Zimbabwe: Witchcraft Case - or A peek into America's future?

Postby RaharuAharu » Fri Jun 05, 2009 3:48 pm

Really? What the crap.


Harare — THE case of the Murehwa woman who claimed she "flew naked in a winnowing basket" from Murehwa on a mission to kill a relative in Highfield through witchcraft ended in the Harare Magistrates' Courts yesterday with little of the melodrama that characterised its beginning last week.

Magistrate Mr Mishrod Guvamombe sentenced Regina Sveto (21) to a wholly suspended one-year sentence, and ordered her to seek help to recover from the spell apparently cast on her by her father-in-law.

When the trial opened, Mr Guvamombe sought expert advice from the Zimbabwe National Healers' Association as well as Chief Jonathan Mangwende's opinion on the allegations levelled against Sveto.

After listening to the chief's plea for leniency, Mr Guvamombe gave Sveto a wholly suspended one-year prison sentence.

Sveto was found naked outside her brother-in-law's house in Highfield early on Sunday morning last week. She claimed she had been hired by her father-in-law to kill her brother-in-law.

Mr Guvamombe said the court had, in mitigation, taken note of Sveto's age and the fact that she was a first offender who had not wasted the court's time and had shown remorse.

Sveto also has a young child.

"Judging from the evidence given to this court, the accused is also a victim who was being used by a relative," said Mr Guvamombe. "A custodial sentence will, therefore, result in a miscarriage of justice. Community service will expose the accused to ridicule from the public, while a fine will trivialise the crime.

"A wholly suspended prison term will bring justice in this case. In arriving at this sentence, I have also taken into account the stigma that, in my view, is additional punishment for the accused.

"I, therefore, give you 12 months' imprisonment wholly suspended for five years on condition that you will not commit a similar offence of which you will be committed to prison without trial," he said.

Mr Guvamombe urged Sveto's family and relatives to help her reintegrate into society.

Chief Mangwende said since Sveto had pleaded guilty, she would be brought to the Chief's Court where, as in such cases, she would be ordered to pay the fine of a cow.

"As chief, and not a wizard, I don't know what should be done to appease the accused, but I recommend that she be helped. Someone who is going to appease her must inform me first and should do it on the open. We are supposed to see and understand the cleansing process," he said.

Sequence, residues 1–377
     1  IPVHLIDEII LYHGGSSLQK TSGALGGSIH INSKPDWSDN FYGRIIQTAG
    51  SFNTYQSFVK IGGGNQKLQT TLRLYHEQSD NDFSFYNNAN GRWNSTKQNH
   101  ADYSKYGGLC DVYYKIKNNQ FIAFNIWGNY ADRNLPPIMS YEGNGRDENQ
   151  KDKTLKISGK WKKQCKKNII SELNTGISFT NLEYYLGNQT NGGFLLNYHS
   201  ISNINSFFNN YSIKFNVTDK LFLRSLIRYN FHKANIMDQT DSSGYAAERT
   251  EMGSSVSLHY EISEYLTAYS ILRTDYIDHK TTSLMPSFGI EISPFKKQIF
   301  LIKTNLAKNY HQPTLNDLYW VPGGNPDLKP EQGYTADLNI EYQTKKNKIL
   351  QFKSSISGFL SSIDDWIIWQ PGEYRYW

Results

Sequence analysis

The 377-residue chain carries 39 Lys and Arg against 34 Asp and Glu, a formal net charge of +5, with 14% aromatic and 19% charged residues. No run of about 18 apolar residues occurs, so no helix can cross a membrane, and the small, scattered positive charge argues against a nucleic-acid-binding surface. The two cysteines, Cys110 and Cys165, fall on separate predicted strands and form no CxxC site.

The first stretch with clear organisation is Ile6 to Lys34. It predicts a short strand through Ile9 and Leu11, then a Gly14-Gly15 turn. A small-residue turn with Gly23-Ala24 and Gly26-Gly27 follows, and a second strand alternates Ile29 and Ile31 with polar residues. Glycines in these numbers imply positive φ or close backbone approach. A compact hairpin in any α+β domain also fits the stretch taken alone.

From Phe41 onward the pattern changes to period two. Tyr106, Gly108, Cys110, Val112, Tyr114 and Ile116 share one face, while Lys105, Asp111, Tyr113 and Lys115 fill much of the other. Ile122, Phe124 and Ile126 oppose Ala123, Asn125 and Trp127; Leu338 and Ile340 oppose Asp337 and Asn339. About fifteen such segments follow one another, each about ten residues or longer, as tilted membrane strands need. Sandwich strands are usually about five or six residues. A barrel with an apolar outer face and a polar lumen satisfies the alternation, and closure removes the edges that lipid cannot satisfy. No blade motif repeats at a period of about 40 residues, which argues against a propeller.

Chief Mangwende said he could not recommend anyone to cleanse her, but the accused had to find her own appeaser.

"It is upon the individual to seek an appeaser of her own. But if she is released by the court, everyone must appreciate it and help in the integration," he said.

Sveto's husband, Mr Collin Zemba, and his cousin, Mr Tobias Zemba, the apparent target of Sveto's mission, pleaded the with court to be lenient with her, as they intended to do everything in their power to assist in the appeasement of the evil spirits.

The case attracted a lot of interest from the public who filled the courtroom to hear the proceedings and take a glimpse of the woman.

During sentencing, Sveto went into a trance again while in the dock.

She regained her composure after guards rubbed salt on her face and hands.

Asked by the magistrate what she could ask from her chief and the court, Sveto said: "When the court has pardoned me, are there any measures I could take against my father-in-law for the humiliation he has caused me in society, considering my age?"

Prosecutor Austin Muzive had urged the court to impose a non-custodial sentence.

Sveto claimed to have travelled "supernaturally" in a winnowing basket (rusero) from a Murehwa village to kill her brother-in-law but was caught at a Highfield house, leading to her arrest.

She said she was under the instruction of her father-in-law to bewitch Mr Tobias Zemba.
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Re: Zimbabwe: Witchcraft Case - or A peek into America's future?

Postby Coda » Fri Jun 05, 2009 4:17 pm

In the US, the witchcraft would have been largely ignored by the court (although the media would seize upon it); the only charge I can see would be conspiracy to commit murder, MAYBE attempted murder (depending on just how far she got), and the case would not have been resolved until the conspirator was brought to trial -- the defense would obviously be operating either under a plea of insanity or innocent by reason of coercion.
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